Monday, February 27, 2012

It's not your eyes playing tricks on you

Seeing is not always believing. Almost every image you and I encounter everyday whether it be via the news, advertisement, or entertainment source is purposefully used to evoke some sort of reaction. Although we like to believe our trusted sources use authentic imagery to achieve these responses from us, unfortunately the practice of photo manipulation has been going on about as long as photography has. The following are just a few examples of some of the more ridiculous manipulations designed to "trick" you into believing something else is going on.
In order to demonstrate the "diversity" found at The University of Wisconsin at Madison, school officials had the original photograph(right) doctored by inserting a black student into the crowd. Although the Senior, Diallo Shabazz, really was a student there, he was not present when the photograph was taken.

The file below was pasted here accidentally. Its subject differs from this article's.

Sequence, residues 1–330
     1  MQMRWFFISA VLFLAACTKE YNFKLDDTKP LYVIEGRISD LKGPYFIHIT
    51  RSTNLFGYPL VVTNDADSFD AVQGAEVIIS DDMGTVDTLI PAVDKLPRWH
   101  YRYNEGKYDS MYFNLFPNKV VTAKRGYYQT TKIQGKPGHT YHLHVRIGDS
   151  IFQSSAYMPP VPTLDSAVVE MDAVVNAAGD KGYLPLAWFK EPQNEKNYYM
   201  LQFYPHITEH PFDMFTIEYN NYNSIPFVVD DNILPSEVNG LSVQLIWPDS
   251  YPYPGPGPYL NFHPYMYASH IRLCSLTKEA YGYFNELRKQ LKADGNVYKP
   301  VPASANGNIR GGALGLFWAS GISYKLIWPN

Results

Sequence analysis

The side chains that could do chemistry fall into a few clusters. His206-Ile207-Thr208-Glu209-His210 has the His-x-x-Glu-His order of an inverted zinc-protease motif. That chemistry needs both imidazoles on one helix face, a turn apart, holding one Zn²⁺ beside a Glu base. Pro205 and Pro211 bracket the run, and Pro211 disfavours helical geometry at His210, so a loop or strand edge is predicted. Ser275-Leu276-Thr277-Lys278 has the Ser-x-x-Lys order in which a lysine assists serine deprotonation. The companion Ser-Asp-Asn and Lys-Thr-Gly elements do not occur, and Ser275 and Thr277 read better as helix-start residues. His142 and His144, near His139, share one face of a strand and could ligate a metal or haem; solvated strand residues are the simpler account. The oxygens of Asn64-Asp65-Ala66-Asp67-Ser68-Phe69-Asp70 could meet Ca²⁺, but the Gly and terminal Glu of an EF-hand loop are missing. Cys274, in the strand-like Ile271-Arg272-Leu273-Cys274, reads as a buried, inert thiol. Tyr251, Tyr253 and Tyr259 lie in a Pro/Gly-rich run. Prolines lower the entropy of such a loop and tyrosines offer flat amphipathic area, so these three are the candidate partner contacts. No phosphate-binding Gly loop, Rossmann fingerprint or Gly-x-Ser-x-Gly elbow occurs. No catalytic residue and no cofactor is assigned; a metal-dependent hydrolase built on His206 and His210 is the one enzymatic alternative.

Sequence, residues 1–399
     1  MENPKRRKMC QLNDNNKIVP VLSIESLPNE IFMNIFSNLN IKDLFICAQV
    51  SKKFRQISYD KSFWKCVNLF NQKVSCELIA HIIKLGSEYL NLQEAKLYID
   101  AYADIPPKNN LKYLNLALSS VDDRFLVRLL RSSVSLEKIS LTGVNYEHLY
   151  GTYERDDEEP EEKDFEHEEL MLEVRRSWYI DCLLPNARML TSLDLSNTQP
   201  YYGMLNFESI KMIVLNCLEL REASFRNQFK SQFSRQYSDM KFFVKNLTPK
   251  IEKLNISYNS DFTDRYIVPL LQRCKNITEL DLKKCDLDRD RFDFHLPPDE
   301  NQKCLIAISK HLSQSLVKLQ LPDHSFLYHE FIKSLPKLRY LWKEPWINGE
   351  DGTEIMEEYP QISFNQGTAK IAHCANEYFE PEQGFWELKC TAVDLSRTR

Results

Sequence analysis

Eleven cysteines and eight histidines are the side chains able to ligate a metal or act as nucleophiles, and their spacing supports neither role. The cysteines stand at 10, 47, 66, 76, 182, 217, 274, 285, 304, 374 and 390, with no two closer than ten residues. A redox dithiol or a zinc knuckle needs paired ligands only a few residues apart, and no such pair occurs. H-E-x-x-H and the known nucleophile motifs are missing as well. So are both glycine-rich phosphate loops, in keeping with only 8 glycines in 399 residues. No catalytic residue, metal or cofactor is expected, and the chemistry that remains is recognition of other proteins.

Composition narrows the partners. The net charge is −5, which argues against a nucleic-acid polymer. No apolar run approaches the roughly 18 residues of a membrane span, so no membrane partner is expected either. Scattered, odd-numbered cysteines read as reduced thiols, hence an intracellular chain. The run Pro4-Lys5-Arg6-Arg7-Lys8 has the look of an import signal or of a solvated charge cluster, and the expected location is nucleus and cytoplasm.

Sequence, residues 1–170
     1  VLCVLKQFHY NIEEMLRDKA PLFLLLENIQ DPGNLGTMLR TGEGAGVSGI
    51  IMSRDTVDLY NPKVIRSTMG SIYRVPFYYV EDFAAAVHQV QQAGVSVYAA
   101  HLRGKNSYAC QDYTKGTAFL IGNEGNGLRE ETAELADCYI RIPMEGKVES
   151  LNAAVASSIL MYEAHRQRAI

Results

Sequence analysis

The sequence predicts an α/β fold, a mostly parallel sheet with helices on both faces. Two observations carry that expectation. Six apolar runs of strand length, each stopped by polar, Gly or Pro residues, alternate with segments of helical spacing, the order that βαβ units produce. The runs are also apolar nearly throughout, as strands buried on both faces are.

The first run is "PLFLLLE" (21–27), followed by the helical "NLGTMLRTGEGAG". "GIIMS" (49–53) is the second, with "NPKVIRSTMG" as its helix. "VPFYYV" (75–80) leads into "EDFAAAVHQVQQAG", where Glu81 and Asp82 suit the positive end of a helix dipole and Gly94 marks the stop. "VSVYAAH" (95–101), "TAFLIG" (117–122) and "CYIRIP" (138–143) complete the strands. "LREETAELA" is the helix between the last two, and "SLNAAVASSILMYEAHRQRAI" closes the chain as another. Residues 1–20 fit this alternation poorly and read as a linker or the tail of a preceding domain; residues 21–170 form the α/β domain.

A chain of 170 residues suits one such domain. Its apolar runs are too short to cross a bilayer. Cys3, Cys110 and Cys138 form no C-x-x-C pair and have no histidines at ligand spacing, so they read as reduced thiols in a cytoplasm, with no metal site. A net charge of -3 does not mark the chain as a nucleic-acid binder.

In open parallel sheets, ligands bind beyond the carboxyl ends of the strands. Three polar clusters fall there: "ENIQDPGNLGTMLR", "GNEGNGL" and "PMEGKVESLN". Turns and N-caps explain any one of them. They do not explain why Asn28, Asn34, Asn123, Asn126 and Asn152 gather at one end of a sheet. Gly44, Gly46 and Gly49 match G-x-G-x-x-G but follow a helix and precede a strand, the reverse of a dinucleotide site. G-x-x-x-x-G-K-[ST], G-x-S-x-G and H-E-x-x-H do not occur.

After O.J. Simpson was arrested for the murder of his wife in 1994, news publications were displaying his mugshot everywhere. Time magazine decided to adjust the color saturation and burn the corners of the image. The finished product gave Simpson a darker more sinister look than the original mugshot which Newsweek used as their cover.
In 2008 Iran announced that it had successfully fired missiles with a 1,200 mile range. Many news organizations used the first image until the second image showing only three missiles fired began to circulate around the internet. Apparently the IRG changed the photo in order to hide the fact that one of the missiles did not fire.
This is perhaps the first ever faked photograph and dates back to the 1840's. The man in the picture, Hippolyte Bayard, was upset over the fact that Louis Daguerre's photographic process had beaten his own known as direct positive printing. Bayard decided to fake his own suicide and attached a note to the photograph stating that he had drowned himself. It's just a reminder that people have been using photograph manipulation for their own agendas since the very beginning.